Many investors—greedy speculators, perhaps—might be close to re-learning the adage that if something is too good to be true, it’s probably not true. Ever since the Cyprus banking crisis erupted mid-March—the small island nation barred withdrawals of its currency and shut down ATMs for days together—the Bitcoin has soared, inviting dreamers, speculators and venture capitalists alike. The Winklevoss twins, famously the founders of the earliest version of Facebook, Netscape founder Marc Andreessen’s venture fund and a hedge fund in Malta, among others, are feeding the Bitcoin frenzy in diverse ways.

“What we want from a monetary system isn’t to make people holding money rich; we want it to facilitate transactions and make the economy as a whole rich. And that’s not at all what is happening in Bitcoin.” – Nobel Prize-winning economist and The New York Times columnist Paul Krugman.

Tyler and Cameron Winklevoss have built up positions that may be among the biggest individual holdings of Bitcoins, having bought plenty when the currency was being traded in single digits against the dollar; the venture firm Andreessen and Horowitz is funding a startup called OpenCoin that wants to build a better Bitcoin; and the hedge fund is doing what hedge funds do best—vigorously speculate.

It’s no surprise the currency is going through one of its wildest swings, evoking instant comparisons with 17th century Holland’s tulip mania or the more recent dotcom bubble starting in the late 20th century. Nearly all of this wild oscillation has followed the crisis in Cyprus, but it is not the first time Bitcoin has suffered noticeable swings. It has experienced fair volatility, some caused by technical outages, in 2011 and earlier. Still, its recent spike is exceptional and the one that has made the world sit up and take note of the alternative currency. It soared to a stratospheric $266 peak before plunging a whopping $160 on a single day on April 10, amid obvious speculation and reports of anomalies on the electronic trading exchanges. It seems the Bitcoin is no longer for the faint-hearted, if ever it was in the past.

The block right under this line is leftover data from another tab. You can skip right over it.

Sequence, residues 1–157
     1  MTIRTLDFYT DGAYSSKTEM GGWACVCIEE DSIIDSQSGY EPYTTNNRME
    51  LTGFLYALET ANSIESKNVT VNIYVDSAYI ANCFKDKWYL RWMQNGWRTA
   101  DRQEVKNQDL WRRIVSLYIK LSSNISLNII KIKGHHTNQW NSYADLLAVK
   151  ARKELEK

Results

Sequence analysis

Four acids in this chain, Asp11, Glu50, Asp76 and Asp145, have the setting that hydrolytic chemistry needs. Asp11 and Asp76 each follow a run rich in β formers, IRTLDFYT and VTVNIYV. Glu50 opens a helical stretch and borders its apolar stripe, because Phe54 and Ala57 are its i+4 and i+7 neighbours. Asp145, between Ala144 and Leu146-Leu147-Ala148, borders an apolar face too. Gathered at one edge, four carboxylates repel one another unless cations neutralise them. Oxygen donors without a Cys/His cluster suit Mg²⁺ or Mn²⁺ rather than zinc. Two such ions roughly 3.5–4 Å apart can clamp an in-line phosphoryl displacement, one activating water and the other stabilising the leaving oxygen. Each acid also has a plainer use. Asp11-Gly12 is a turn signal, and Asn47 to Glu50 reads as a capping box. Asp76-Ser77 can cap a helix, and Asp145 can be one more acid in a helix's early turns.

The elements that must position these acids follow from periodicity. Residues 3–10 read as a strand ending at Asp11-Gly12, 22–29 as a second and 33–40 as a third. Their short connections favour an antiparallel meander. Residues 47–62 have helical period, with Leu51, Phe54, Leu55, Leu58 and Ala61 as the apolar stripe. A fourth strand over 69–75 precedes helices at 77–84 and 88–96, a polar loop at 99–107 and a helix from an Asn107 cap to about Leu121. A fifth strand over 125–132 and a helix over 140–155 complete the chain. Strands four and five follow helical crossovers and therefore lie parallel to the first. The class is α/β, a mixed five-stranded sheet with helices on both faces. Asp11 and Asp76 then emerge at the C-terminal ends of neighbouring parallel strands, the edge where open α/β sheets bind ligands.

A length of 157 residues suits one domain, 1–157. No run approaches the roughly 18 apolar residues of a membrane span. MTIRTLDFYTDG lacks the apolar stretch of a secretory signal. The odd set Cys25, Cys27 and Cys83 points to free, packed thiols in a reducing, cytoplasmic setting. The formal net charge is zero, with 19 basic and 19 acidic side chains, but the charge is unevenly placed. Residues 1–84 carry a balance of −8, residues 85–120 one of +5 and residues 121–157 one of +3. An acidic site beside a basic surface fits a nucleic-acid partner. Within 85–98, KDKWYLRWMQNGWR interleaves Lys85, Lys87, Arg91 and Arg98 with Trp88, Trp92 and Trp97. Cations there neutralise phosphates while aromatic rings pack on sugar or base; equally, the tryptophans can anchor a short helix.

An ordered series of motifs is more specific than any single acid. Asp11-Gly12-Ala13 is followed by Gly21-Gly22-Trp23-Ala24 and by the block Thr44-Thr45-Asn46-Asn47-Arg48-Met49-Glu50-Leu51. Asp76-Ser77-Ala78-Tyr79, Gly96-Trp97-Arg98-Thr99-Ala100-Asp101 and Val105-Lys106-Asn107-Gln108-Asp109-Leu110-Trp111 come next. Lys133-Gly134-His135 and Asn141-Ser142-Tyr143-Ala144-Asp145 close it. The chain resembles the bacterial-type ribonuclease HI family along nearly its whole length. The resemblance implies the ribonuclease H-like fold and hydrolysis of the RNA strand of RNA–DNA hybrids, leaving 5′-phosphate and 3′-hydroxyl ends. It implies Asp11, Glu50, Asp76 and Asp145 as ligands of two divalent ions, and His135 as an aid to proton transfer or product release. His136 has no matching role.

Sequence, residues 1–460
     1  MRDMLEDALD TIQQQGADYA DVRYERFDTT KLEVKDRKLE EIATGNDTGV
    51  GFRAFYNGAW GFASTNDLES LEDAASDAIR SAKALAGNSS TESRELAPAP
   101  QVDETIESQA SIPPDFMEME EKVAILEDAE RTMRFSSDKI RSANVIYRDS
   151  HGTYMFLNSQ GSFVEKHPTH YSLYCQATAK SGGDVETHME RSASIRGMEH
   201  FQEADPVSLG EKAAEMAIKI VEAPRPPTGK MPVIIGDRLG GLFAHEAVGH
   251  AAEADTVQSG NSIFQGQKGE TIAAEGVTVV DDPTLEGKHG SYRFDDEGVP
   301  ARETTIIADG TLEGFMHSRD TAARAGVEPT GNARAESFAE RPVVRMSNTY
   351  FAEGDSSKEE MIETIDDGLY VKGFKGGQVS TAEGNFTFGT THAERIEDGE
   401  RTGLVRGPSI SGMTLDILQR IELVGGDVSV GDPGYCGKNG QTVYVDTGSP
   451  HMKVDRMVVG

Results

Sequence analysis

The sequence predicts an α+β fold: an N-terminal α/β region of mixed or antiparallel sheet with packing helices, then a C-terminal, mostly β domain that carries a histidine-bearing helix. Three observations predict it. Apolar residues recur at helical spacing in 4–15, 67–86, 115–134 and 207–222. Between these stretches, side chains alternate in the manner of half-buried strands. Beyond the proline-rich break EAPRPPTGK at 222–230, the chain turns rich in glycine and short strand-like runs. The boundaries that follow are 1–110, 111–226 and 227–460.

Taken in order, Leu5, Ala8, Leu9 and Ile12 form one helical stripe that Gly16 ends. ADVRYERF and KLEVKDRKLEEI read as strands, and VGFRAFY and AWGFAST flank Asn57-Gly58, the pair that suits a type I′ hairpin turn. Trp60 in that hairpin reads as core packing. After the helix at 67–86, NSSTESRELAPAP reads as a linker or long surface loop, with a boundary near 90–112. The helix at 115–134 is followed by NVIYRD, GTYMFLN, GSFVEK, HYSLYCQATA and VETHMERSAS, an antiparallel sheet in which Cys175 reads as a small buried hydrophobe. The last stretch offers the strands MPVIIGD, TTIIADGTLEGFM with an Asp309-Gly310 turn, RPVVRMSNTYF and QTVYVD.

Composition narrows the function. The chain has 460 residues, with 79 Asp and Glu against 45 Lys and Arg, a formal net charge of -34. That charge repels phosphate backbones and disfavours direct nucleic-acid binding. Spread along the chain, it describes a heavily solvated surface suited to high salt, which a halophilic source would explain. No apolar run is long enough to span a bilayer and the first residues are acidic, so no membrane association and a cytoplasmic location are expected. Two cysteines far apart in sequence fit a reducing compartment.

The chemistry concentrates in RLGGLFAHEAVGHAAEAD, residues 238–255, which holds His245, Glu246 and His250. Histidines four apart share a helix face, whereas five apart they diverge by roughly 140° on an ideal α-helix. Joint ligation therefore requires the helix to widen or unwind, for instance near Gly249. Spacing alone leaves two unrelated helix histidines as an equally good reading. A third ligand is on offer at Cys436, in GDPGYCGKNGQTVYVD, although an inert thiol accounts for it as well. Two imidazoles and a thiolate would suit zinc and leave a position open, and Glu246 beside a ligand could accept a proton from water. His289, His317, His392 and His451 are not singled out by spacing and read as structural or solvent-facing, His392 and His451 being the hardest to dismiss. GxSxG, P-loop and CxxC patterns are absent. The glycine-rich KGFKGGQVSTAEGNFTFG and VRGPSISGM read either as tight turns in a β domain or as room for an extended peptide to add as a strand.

“It has been four years and it has yet to be discredited as a viable alternative to fiat currency. We could be totally wrong, but we are curious to see this play out a lot more.”
– Tyler Winklevoss, a co-founder of the earliest version of Facebook and with twin brother Cameron, one of the largest holders of Bitcoins.